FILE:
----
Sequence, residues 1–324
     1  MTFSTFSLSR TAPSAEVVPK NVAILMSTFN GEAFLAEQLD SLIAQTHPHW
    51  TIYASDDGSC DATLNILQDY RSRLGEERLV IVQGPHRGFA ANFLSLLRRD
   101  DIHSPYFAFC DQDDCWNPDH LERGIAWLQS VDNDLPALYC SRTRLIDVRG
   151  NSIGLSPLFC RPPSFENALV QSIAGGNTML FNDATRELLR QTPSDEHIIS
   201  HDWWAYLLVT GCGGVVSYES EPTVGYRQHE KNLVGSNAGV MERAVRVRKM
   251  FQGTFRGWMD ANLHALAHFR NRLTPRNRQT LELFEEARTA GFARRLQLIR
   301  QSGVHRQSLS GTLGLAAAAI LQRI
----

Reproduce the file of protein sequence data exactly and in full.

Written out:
Sequence, residues 1–324
     1  MTFSTFSLSR TAPSAEVVPK NVAILMSTFN GEAFLAEQLD SLIAQTHPHW
    51  TIYASDDGSC DATLNILQDY RSRLGEERLV IVQGPHRGFA ANFLSLLRRD
   101  DIHSPYFAFC DQDDCWNPDH LERGIAWLQS VDNDLPALYC SRTRLIDVRG
   151  NSIGLSPLFC RPPSFENALV QSIAGGNTML FNDATRELLR QTPSDEHIIS
   201  HDWWAYLLVT GCGGVVSYES EPTVGYRQHE KNLVGSNAGV MERAVRVRKM
   251  FQGTFRGWMD ANLHALAHFR NRLTPRNRQT LELFEEARTA GFARRLQLIR
   301  QSGVHRQSLS GTLGLAAAAI LQRI